A Bad Moon Rising – Failed Leadership

Moon On A Dark Night

A Full Moon Emerging From the Clouds on a Dark Financial Night

The political talking heads and mainstream media stooges can say what they will about the recovering economy.  Beyond the inflated chutzpah of painting rosy pictures, there’s a bad moon rising in the financial world.  And the suffering economy will be suffering more, because of it.

The recent resignation of Goldman Sachs executive, Greg Smith and his very public op-ed piece (full text) offered up in the New York Times, sheds a glimmer of light on a much darker and deeper problem.  The culture he describes at Goldman Sachs is not an anomaly, it is systemic in Wall Street and in the Federal Government – lack of honest credible leadership and with it meaningful disclosure.  And by credible leadership, we mean leadership by honorable men and women of good will.

In his op-ed, Smith zeroes in on leadership, “The firm changed the way it thought about leadership.  Leadership used to be about ideas, setting an example and doing the right thing.”  Smith then describes what the three ways are to become a leader at Goldman Sachs.  There is nothing noble in the three ways Smith describes the Goldman Sachs’ leadership culture.

However, Smith offers one sound piece of advice that would be well served, if applied at any organization, but especially in all of the financial industry and the Federal Government, “Weed out the morally bankrupt people, no matter how much money they make for the firm.”

Smith is not the first person to bring attention to the rising trend in unsavory behavior in  fostering misleading business practices and promoting unmitigated greed at someone else’s expense.  Unfortunately, it seems the honest voices are being crowded out in favor of a philosophy that espouses money now – ethics later.  That may work in the short-term, but in the long-term, as Smith points out, the client must be the focal point and without them, “you will not exist.”

Another individual, several years ago, tried to set off alarm bells about the bubble in derivatives.  Her name is Brooksley Born.  She is now retired, but back in 1998 her voice was squashed by the likes of Alan Greenspan and Larry Summers.  She was shut-up and shut-down.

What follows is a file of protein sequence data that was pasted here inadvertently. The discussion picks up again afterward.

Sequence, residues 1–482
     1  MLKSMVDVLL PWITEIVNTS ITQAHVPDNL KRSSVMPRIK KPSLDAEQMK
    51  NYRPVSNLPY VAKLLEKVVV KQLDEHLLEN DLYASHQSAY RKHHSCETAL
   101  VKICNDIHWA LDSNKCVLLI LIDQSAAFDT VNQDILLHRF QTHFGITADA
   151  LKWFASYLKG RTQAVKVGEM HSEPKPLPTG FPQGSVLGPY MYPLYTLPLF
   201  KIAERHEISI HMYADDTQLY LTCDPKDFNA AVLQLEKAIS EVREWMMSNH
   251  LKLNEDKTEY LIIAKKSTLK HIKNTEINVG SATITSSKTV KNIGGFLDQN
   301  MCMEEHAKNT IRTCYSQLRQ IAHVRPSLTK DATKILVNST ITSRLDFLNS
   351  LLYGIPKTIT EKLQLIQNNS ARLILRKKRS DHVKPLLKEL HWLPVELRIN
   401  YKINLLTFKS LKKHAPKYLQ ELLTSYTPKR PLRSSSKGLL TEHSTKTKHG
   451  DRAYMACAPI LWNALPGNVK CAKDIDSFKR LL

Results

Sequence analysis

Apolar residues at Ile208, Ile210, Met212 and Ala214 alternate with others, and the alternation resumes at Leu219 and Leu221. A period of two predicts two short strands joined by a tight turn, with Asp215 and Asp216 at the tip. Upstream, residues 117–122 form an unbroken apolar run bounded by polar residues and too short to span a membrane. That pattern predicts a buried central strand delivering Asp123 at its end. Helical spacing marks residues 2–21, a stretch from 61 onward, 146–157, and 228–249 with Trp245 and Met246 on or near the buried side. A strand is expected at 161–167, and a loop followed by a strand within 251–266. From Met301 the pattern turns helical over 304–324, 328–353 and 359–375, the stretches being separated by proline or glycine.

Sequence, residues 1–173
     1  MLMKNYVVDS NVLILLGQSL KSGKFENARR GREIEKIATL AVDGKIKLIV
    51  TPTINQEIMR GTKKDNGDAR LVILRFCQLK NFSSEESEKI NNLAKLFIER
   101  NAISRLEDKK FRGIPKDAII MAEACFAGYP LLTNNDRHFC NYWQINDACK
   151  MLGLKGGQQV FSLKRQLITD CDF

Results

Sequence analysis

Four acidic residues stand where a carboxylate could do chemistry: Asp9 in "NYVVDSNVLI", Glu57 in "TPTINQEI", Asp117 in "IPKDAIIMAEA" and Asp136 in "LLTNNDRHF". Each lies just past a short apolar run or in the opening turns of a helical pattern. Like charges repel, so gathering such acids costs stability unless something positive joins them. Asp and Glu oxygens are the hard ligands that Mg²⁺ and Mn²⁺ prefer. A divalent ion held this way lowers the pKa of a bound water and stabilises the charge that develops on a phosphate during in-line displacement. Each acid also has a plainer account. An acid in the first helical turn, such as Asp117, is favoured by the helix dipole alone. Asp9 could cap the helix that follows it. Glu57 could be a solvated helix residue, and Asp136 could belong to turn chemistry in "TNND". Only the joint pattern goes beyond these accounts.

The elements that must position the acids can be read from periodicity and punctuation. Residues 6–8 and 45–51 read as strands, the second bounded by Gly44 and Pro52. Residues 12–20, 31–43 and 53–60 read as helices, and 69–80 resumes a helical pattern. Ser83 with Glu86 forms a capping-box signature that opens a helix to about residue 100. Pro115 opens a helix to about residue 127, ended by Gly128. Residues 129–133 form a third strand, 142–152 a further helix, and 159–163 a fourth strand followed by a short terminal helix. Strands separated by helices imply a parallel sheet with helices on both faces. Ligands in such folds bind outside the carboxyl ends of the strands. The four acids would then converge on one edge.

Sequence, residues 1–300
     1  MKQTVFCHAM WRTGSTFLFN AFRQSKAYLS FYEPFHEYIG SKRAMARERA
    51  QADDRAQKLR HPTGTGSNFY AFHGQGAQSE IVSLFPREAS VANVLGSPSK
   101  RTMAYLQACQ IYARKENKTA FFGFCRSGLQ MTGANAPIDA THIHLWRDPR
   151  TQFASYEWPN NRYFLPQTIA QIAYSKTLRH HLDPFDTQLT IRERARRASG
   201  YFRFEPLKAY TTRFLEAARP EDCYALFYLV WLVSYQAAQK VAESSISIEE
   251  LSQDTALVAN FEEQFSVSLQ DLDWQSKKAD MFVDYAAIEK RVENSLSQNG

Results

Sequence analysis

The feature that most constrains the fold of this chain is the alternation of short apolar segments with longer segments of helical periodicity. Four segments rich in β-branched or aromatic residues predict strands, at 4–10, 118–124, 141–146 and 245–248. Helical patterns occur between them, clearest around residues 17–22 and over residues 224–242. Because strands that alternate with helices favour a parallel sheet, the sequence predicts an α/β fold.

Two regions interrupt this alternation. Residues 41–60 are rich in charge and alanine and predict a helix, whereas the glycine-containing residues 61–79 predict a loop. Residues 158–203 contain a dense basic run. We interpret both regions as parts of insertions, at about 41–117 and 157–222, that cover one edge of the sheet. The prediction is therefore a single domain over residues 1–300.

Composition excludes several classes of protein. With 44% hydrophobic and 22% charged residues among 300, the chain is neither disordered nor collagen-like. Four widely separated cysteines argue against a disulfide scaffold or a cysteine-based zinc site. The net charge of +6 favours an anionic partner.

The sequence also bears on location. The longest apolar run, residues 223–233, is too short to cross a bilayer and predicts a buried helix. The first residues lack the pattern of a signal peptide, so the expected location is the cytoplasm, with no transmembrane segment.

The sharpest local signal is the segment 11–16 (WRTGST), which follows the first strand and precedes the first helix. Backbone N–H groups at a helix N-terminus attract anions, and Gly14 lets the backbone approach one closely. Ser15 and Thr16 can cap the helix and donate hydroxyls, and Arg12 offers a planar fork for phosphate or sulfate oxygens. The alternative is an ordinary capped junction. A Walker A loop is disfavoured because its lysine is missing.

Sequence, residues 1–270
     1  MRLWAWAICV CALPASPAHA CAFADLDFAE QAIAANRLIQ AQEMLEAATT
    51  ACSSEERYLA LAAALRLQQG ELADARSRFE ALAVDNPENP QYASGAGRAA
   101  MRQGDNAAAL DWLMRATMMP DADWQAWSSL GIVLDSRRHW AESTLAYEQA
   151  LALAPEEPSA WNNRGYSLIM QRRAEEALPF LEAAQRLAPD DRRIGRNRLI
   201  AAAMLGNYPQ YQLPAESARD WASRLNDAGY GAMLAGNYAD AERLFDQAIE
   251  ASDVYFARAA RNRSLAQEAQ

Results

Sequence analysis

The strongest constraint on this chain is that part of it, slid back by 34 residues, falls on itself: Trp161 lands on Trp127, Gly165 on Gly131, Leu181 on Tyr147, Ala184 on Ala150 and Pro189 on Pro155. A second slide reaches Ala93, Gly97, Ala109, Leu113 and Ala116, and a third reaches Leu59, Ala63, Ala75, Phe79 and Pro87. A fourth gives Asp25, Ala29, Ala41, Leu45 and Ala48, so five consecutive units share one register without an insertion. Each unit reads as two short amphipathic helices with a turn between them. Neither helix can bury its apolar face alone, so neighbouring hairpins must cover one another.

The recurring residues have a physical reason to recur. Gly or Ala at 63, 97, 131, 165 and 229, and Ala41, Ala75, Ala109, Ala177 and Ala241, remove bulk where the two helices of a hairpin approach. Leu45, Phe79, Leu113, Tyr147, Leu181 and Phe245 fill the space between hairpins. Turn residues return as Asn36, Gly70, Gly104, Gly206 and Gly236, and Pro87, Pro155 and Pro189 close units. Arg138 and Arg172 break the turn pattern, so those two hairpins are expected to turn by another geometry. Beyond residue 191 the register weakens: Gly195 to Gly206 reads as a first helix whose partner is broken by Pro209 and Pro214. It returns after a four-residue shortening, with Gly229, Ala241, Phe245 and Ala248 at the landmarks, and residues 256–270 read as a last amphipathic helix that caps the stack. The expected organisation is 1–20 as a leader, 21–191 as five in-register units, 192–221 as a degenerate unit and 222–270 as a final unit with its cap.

Born had been appointed to the CFTC (Commodity Futures Trading Commission) on April 15, 1994  by President Bill Clinton.  Born became concerned about a lack of transparency regarding financial instruments (swaps).  Any regulation of these swaps was opposed by Alan Greenspan, Treasury Secretaries Robert Rubin and Lawrence Summers. Born’s warning was that financial dealings without regulation invited fraud.

As it turned out, Born was correct in her assessment, of which the more publicized result was the bankruptcy of Lehman Brothers and the larger financial crisis in the United States and the rest of the world’s financial markets.  The world’s financial crisis continues to this day.  A Frontline piece, The Warning, later addressed Born’s role in trying to avert the coming financial disaster involving derivatives.

The failed leadership on Wall Street and in Washington, DC has led to the cataclysmic outcomes on Main Street.  Principled leadership is the key to the success of any business, institution, or government.  The lack of principled leadership, always results in corrupt ideas and ultimately systemic corruption, if left unchecked.  As evidence, we need to look no further than our nation’s 15 + Trillion dollar debt, an ever increasing burden to our nation and the economic abyss created by failed leadership.  Many have forgotten that doing the right thing is always the right thing to do.  The bad moon remains.

These are the times for our Constitution.

Stillie Mason

About Stillie Mason

Stillie Mason is a writer and Human Resources and management consultant. He is a former educator, working in the public and private sector.
This entry was posted in Current Events, History Past and Present, The Economy. Bookmark the permalink.

Leave a Reply

Your email address will not be published. Required fields are marked *

You may use these HTML tags and attributes: <a href="" title=""> <abbr title=""> <acronym title=""> <b> <blockquote cite=""> <cite> <code> <del datetime=""> <em> <i> <q cite=""> <strike> <strong>